|Copyright 2014 by Virgo Publishing.|
|By: Michael L. McCune|
|Posted on: 10/01/2005|
What do we know about interest rates today? We know they’re very hard to predict in the short run. We know they’re currently at 42-year lows and have remained there longer than at any other time in the last century. We know low interest rates have a very positive (if not perfect) correlation to higher real estate values—the lower the rate, the higher the value. And we know, unfortunately, higher interest rates depress real estate prices. (See Graph 1.)
At the time of this writing, the Federal Reserve has raised the short-term rates for 10 months running and indicated that it intends to keep raising them until long-term rates go up. The Fed isn’t sure why, but the long-term rates (10 years or longer) have not gone up with short-term rates as they have in the past.
The only real reason to buy an income-producing property is the return, so value is directly related to the amount of revenue it generates. Other factors do come into play, but income makes up the lion’s share of a property’s worth. Cap rates are just a quick way of determining value.
A cap rate is the un-leveraged rate of return you can expect to earn on a property. A higher sales price produces a lower cap rate and is better for a seller, while a lower sales price produces a higher cap rate and is better for a buyer. The more a buyer pays for a property, the lower his return. For example, if a property’s income is $200,000 and it sells for $2 million, the cap rate is a 10 (the return is 10 percent). If it sells for $2.2 million, the cap rate is 9.1 (the return is 9.1 percent).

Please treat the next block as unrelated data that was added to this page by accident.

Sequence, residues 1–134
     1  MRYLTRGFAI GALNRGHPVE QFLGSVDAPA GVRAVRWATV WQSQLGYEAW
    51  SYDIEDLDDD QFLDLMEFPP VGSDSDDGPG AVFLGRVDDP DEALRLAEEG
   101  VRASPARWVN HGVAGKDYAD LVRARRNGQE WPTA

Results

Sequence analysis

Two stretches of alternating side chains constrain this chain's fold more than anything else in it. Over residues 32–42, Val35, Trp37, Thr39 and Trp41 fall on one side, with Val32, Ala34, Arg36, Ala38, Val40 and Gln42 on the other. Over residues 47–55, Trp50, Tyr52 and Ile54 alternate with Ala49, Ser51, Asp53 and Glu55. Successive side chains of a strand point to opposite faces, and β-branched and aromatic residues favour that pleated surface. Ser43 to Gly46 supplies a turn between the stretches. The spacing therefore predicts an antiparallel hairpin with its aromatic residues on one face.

A word of caution: Some sellers in today’s market are using modified formulas to calculate lower cap rates, either out of ignorance or for more nefarious reasons. There is only one true way to calculate a cap rate, and that is to divide a property’s net operating income by its sales price. The main reason cap rates go up (prices go down) is because of competing investments in the marketplace. Today, cap rates range from a very rare 7 percent to 11 percent. The vast majority of properties fall into the 8.5 percent to 10 percent range.
The Virtues and Vices of Leverage
Most storage owners borrow money to buy a property. If the interest rate on the loan is below the cap rate, an owner has positive leverage, which simply means he is making profit off the lender’s money and his cash-on-cash return is higher. If the interest rate is greater than the cap rate, the owner gives up some of his return to help pay the interest on the loan. Think of it this way: If the lender takes less income in the form of interest, the property is worth more and vice versa. The blessing and the curse is the lender’s income is fixed and the owner’s income is not, making the latter more volatile.
A Peek Into the Future